Matt Rhule: Since we practice early in the morning, I like to be here. My family is still up in northern New Jersey. My son is going to finish school there. I didn't want to waste a minute in traffic or in the hotel. We sleep here and jump up, and tell the players that's what building a program is all about is working all night. That's what grinding really is. ... We do football every night until 1 a.m. or 2 a.m. and then wake up at 6 a.m. It's a really fun time. Mike Leach wrote about that in his book (Swing Your Sword), about the fun time when a staff first comes in. I told our guys, 'We'll never get this time back.'
SI: How far has the program come since you first arrived in the 2006 season?
MR: I remember my first spring practice out on the field. I had just come from a [Division] I-AA school, and I remember saying to myself, 'Oh my goodness.' From the work ethic to the talent level to the expectation level and mindset. We'd practice and people would walk by and yell how bad we were and throw rocks at us. It's to the point now where the community and people around here have embraced us. I would say everything from top to bottom was uprooted. Al used to refer to it as a revolution. I actually had a picture of Che Guevara on my screensaver for a couple years. You were literally fighting a revolution in the mind of a team and changing their mindset saying, 'We will win.' Now we're at the point where kids expect to win.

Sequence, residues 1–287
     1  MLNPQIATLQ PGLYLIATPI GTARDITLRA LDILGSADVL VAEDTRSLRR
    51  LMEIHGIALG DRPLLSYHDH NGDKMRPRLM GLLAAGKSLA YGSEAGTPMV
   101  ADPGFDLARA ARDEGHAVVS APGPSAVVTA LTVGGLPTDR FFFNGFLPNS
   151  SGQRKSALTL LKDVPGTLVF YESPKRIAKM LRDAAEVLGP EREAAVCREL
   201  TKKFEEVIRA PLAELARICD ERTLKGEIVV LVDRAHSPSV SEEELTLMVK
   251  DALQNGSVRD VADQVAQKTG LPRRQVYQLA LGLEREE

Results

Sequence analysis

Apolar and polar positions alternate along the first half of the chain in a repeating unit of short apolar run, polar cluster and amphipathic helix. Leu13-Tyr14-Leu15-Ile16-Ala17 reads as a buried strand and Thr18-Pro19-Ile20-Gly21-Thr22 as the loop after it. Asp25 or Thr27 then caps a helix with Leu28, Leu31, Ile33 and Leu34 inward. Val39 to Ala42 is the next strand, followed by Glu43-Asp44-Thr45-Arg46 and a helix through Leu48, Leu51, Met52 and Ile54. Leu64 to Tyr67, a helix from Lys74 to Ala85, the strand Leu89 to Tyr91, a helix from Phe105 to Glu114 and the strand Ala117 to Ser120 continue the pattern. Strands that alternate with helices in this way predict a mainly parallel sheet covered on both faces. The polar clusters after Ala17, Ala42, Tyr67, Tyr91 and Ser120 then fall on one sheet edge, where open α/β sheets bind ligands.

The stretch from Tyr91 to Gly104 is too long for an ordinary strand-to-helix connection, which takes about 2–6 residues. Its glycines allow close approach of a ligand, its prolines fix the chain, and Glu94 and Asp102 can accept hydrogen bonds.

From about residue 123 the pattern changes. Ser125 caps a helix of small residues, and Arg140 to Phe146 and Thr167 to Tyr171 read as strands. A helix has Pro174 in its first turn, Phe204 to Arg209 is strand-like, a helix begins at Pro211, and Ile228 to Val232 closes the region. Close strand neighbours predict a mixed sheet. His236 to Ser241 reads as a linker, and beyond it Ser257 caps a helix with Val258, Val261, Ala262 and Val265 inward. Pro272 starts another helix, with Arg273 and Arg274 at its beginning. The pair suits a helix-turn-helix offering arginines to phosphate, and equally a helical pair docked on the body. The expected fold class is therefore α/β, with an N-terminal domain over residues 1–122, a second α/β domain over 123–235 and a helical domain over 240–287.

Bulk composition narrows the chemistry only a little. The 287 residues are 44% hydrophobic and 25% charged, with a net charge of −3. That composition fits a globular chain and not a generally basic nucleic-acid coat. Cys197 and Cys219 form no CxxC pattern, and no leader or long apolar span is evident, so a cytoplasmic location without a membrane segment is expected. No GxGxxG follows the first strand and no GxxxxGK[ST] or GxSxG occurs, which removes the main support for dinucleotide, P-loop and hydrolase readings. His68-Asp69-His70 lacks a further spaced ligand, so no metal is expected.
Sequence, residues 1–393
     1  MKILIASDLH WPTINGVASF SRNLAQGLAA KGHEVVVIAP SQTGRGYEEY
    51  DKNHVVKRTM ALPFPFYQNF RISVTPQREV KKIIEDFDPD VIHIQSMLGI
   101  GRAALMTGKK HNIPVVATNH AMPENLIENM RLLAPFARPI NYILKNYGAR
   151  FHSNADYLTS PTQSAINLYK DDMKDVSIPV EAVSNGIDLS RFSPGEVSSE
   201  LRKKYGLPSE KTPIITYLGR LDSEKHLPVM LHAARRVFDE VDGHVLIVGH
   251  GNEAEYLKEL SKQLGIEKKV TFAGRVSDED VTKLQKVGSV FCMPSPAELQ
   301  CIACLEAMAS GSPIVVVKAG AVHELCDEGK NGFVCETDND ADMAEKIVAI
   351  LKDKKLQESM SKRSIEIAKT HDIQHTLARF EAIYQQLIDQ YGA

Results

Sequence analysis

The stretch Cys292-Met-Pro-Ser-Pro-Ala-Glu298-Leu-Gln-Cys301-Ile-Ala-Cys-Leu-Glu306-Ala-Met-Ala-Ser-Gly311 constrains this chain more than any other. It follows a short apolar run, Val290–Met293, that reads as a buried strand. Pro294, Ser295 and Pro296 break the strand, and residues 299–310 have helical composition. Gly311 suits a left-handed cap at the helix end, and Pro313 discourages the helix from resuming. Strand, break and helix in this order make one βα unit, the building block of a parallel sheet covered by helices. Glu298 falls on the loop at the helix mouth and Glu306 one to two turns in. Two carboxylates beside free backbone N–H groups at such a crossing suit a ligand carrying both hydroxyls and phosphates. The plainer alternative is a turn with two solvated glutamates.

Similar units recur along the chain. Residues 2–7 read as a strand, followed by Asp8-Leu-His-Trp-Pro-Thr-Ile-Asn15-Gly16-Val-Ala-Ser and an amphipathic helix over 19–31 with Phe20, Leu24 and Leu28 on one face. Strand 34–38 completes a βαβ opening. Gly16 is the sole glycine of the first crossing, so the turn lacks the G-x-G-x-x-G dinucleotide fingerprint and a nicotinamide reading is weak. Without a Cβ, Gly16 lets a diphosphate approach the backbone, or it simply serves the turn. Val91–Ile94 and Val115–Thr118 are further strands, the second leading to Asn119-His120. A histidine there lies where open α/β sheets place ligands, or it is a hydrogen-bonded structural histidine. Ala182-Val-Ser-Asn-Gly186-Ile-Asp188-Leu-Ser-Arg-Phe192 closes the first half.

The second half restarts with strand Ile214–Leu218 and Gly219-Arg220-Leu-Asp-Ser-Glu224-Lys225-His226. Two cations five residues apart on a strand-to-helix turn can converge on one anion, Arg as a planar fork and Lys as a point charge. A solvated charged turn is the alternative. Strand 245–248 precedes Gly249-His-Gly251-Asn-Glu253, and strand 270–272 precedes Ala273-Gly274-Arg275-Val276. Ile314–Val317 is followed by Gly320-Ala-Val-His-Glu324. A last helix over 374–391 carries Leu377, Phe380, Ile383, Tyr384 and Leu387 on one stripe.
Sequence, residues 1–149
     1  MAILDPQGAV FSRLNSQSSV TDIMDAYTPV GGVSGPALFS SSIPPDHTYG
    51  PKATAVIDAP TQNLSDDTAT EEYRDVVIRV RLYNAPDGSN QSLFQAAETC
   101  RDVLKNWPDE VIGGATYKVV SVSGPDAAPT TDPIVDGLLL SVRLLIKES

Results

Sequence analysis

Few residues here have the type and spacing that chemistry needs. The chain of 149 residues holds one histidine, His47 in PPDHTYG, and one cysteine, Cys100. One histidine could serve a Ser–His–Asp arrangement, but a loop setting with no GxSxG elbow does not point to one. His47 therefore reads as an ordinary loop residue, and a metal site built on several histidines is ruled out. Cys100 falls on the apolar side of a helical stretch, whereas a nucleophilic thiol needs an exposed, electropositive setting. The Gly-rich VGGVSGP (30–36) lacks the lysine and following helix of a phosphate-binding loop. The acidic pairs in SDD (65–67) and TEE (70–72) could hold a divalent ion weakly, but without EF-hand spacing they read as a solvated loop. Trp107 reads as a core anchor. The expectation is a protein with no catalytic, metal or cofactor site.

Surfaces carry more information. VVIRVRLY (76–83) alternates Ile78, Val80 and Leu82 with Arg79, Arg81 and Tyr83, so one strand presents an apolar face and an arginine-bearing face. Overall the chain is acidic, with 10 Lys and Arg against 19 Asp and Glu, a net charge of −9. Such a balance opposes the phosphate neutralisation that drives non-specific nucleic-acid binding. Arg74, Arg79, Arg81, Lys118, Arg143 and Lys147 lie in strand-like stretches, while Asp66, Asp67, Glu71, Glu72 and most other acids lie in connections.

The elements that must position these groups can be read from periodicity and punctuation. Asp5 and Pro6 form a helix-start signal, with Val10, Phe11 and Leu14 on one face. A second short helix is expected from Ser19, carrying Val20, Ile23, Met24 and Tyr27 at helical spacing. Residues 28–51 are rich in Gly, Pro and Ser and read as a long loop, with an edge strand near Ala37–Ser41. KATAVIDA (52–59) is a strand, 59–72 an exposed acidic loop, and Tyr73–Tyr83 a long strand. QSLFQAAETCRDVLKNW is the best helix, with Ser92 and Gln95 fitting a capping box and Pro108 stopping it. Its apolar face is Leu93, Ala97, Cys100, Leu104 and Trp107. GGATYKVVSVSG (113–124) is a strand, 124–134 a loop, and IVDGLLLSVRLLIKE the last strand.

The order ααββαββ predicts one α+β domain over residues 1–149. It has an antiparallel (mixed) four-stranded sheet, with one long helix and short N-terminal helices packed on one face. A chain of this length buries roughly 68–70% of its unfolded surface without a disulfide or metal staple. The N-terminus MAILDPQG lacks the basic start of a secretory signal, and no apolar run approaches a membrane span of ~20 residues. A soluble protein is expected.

SI: I saw your offense characterized as pro-spread. How did that come about?
MR: Our offensive coordinator, Marcus Satterfield, probably coined that term. That's really what we want to be. The fundamental basis of what we do is what I brought back from New York. It's professional drop-back football and professional drop-back protection schemes. And then in the run game, the offensive line plays pro football. ... I was on the staff when we played the Washington Redskins last year. They are running their traditional offense with just enough spread, zone-read stuff that's all you think about the whole game. Your $17 million pass rushers are worried about squeezing and taking RGIII and not hitting the quarterback. That's our mindset, we are going to have some spread principles. But the basis of what we do will be a pro-style offense. We'll have a fullback and tight ends. At the same time there's times where we'll be in four wide and the quarterback will be reading it.
SI: You have three veteran quarterbacks this spring -- Chris Coyer, Juice Granger and Kevin Newsome -- and a talented freshman on the way. How's that competition shaping up?